08192017Headline:

Vancouver, Washington

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Don Jacobs
Don Jacobs
Contributor •

Corporate bottom line and consumer safety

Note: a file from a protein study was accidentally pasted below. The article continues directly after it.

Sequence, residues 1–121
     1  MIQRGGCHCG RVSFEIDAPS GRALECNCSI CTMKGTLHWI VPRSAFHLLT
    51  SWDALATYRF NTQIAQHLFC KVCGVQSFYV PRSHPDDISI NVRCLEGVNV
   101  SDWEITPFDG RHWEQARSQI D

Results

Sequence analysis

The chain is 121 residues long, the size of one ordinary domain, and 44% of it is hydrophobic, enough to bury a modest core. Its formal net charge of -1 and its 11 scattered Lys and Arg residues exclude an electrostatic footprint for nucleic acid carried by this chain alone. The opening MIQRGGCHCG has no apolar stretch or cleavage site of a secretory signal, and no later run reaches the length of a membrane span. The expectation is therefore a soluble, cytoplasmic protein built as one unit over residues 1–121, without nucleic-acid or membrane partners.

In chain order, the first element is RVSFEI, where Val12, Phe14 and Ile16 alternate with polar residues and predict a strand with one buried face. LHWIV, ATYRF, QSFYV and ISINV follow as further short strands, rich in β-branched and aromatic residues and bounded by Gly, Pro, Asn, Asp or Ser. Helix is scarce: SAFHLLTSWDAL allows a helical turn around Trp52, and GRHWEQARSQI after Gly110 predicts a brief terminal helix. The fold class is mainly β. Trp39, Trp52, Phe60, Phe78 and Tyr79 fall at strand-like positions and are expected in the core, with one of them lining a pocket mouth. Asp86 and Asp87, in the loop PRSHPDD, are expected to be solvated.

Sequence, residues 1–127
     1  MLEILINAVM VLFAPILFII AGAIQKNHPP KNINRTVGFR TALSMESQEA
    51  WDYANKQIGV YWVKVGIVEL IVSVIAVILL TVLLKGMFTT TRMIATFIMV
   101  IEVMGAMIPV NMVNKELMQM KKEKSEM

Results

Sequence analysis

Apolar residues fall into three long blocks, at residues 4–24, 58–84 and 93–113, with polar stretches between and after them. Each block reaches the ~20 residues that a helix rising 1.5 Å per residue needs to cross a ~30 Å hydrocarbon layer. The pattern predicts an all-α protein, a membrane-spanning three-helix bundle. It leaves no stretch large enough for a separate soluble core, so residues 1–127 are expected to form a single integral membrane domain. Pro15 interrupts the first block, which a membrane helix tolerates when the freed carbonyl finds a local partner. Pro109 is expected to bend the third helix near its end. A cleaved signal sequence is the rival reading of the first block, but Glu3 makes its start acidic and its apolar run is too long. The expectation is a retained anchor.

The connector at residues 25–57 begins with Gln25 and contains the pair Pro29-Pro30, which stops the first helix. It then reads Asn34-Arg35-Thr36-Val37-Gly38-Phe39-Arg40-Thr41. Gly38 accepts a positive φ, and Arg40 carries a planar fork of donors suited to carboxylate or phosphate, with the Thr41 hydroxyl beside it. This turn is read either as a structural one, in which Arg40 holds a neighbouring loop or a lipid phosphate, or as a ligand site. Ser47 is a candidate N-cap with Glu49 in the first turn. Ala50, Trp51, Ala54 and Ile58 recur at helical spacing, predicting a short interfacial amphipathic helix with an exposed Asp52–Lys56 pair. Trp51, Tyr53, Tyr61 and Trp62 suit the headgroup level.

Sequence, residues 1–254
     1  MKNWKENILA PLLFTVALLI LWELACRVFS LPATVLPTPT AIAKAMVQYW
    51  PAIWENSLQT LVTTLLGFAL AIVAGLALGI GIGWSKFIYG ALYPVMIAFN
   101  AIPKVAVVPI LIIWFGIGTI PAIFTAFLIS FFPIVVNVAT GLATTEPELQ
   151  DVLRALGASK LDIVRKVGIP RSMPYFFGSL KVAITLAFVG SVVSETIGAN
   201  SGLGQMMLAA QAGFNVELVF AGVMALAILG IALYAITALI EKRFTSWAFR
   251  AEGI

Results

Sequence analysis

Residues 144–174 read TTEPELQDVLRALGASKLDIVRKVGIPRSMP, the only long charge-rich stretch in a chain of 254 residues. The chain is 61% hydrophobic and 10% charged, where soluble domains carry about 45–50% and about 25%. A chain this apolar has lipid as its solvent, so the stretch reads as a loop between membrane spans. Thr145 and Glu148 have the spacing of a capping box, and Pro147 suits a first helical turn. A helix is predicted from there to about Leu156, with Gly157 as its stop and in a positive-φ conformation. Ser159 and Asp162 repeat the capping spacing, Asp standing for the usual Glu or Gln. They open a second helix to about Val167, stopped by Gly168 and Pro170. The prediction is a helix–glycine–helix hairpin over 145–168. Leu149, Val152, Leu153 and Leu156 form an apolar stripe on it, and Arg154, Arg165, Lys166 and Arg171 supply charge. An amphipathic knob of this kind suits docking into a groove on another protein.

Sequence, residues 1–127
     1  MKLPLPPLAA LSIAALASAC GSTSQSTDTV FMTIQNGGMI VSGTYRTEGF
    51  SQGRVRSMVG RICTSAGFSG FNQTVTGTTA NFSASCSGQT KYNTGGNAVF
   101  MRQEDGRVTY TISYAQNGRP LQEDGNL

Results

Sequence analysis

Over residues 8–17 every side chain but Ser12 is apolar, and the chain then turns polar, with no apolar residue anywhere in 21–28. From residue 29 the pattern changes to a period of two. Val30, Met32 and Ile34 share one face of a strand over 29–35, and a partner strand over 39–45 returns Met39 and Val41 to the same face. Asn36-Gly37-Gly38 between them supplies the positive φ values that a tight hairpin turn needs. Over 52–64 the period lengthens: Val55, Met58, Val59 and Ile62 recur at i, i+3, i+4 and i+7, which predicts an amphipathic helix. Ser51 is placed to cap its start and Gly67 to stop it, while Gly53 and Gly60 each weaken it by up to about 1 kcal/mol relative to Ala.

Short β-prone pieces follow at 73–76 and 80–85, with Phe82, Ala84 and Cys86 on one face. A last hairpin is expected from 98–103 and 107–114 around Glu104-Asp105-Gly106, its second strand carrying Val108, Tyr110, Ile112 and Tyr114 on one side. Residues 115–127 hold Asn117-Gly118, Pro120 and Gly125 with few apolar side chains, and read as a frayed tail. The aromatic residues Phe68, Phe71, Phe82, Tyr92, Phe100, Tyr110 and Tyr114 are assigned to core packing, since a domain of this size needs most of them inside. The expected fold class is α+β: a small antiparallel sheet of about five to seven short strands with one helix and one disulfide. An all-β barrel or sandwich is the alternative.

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Capitalism is good. Profit is good. Free enterprise is good. It seems we all want to make money and we all want to pay less for the things we buy. If a company can sell the same quality item cheaper than their competitor, why shouldn’t they? Especially if it means the competitor loses sales and they end up profiting as a result by selling even more of the discounted item. That’s the way our system operates. That’s the way America’s economy stays strong. So how do you sell an item for less than your competitor? You cut costs. You use cheaper materials. You use foreign labor. As long as the quality of the product is the same, why not? But what if it isn’t? What if cutting corners causes people to get hurt or sick using the product? Under our American system, you become responsible. And if you try to avoid responsibility, Americans have a right to use our justice system. A system that uses the collective wisdom of 12 ordinary citizens to apply the law and decide whether or not you should be responsible for making people sick or injured. The same 12 people we trust to decide life or death in a criminal case. The right to trial by jury is so important it is contained in our Bill or Rights and is a centerpiece of our American justice system. But many companies both foreign and domestic as well as their lobbying arm, the national Chamber of Commerce don’t like our system. They want to reduce your right to use the courts and reduce your right to have a jury decide justice. They want to create roadblocks and obstacles to your ability to seek damages when a company’s product makes you sick or injured. They even have an initiative on the Oregon ballot in November making it more difficult for you to hire a lawyer. Unlike corporate America, most consumers can’t afford to hire a lawyer by the hour. The only way to compete with a large corporation with an unlimited legal war chest is through the contingent fee system. A system where you and you lawyer agree to pay the lawyer a percentage of what you recover, in most cases a third. The lawyer is paid noting of you lose. He also has to invest his own money into the case to pay for all the court costs and expert witness fees necessary to put on a trial. Fees that often go into the many thousands of dollars and which most consumers can’t afford to invest in the case. And if the case is lost, the lawyer not only ends up working for free, his investment is lost too. But an initiative brought to Oregon voters in 2008 will reduce what you can agree to pay your lawyer on a contingent fee. It will set an artificial limit of 10% for any contingent fee after the first $25,000 recovered. The reason we need this law? Backers say it’s needed to put more money in the victim’s pocket and reduce frivolous lawsuits. And who are the backers? Coalitions of consumer groups? People made sick or injured by companies that cut too many corners to make a profit? Just the opposite. Business groups and insurance companies, pharmaceutical companies, product manufacturers and companies that make consumer items overseas using cheap labor. Companies who can afford lots of lawyers and can pay unlimited legal fees to try and avoid responsibility if you sue. Companies who don’t want any limit on what they can spend on legal fess, just on what you can spend. The same companies that are responsible for 25 million toys being recalled because they are laced with lead paint. The ones who imported 1 million tubes of toothpaste containing anti-freeze and 60 million cans of pet food peppered with rat poison. I guess they must have your best interests at heart.